"In November 1993, the International Rosetta Mission was approved as a Cornerstone Mission in ESA's Horizons 2000 Science Programme. Since then, scientists and engineers from all over Europe and the United States have been combining their talents to build an orbiter and a lander for this unique expedition to unravel the secrets of a mysterious 'mini' ice world – a comet. Initially scheduled for January 2003, the launch of Rosetta had been postponed due to a failure of an Ariane rocket in December 2002. The adventure began March 2004, when a European Ariane 5 rocket lifted off from Kourou in French Guiana. During a circuitous ten-year trek across the Solar System, Rosetta will cross the asteroid belt and travel into deep space, more than five times Earth’s distance from the Sun. Its destination will be a periodic comet known as Comet 67P/Churyumov-Gerasimenko. The Rosetta orbiter will rendezvous with Comet 67P/Churyumov-Gerasimenko and remain in close proximity to the icy nucleus as it plunges towards the warmer inner reaches of the Sun’s domain. At the same time, a small lander will be released onto the surface of this mysterious cosmic iceberg."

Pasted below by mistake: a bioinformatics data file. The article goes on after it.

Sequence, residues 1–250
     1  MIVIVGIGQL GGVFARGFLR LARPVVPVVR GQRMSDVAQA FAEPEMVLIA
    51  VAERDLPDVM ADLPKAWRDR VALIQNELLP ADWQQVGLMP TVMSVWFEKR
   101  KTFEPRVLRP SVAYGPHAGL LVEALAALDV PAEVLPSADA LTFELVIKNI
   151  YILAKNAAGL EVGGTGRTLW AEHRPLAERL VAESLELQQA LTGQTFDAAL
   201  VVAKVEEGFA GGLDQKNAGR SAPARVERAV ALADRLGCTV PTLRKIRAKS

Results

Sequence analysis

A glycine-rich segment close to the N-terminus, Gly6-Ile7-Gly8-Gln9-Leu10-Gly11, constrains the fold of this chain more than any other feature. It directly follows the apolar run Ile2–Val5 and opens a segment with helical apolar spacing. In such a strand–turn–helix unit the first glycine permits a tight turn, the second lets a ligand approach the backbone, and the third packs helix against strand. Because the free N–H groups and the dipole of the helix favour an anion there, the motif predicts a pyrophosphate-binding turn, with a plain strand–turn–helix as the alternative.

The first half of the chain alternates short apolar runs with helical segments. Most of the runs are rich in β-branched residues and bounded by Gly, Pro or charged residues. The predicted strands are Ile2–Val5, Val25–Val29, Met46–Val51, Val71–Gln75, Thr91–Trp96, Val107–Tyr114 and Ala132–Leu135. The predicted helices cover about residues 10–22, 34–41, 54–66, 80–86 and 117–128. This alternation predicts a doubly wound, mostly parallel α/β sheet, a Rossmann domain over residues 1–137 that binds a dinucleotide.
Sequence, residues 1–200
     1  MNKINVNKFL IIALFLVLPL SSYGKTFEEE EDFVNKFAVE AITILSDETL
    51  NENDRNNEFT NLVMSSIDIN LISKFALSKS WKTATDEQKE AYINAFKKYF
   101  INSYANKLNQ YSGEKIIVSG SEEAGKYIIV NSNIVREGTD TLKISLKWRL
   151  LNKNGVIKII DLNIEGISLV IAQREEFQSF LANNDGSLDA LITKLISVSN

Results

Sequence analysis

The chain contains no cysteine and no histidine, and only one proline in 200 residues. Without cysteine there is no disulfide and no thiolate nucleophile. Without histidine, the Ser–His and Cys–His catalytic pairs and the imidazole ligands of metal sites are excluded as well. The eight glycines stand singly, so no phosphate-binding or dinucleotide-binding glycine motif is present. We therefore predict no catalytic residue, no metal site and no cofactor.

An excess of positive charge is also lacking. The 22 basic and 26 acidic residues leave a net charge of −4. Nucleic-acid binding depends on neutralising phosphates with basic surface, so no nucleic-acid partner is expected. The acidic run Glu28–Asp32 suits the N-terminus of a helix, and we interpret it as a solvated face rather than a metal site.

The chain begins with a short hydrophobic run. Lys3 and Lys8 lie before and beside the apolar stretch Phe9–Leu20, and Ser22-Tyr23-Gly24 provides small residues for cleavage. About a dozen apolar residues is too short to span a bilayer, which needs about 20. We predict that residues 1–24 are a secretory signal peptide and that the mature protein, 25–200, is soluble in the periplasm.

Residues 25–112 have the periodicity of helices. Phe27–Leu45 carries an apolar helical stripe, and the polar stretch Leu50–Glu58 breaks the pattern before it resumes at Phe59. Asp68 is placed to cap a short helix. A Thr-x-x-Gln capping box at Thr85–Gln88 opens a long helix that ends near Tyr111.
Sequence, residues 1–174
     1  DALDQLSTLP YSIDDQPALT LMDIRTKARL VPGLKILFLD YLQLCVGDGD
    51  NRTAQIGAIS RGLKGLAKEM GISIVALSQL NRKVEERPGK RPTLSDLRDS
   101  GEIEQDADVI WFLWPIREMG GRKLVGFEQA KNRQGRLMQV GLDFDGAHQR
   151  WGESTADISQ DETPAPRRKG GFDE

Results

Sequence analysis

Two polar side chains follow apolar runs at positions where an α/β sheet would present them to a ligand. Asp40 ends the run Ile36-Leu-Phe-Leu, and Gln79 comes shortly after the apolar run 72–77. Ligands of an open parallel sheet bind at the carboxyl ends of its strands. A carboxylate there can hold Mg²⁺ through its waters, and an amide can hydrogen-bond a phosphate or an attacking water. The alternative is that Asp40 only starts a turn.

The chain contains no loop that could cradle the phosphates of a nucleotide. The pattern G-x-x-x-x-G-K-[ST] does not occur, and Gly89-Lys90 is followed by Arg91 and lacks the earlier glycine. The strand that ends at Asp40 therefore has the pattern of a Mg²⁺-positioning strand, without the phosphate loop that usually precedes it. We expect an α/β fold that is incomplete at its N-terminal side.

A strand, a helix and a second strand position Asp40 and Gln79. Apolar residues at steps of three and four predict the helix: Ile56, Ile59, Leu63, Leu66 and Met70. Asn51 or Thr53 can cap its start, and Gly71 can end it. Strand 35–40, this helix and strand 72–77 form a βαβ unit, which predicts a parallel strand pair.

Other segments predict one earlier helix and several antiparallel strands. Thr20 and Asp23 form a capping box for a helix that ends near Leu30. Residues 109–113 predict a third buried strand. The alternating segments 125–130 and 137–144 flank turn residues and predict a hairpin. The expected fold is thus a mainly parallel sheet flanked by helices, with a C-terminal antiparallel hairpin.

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Image appeared in Issue 18 of magazine "All About Space".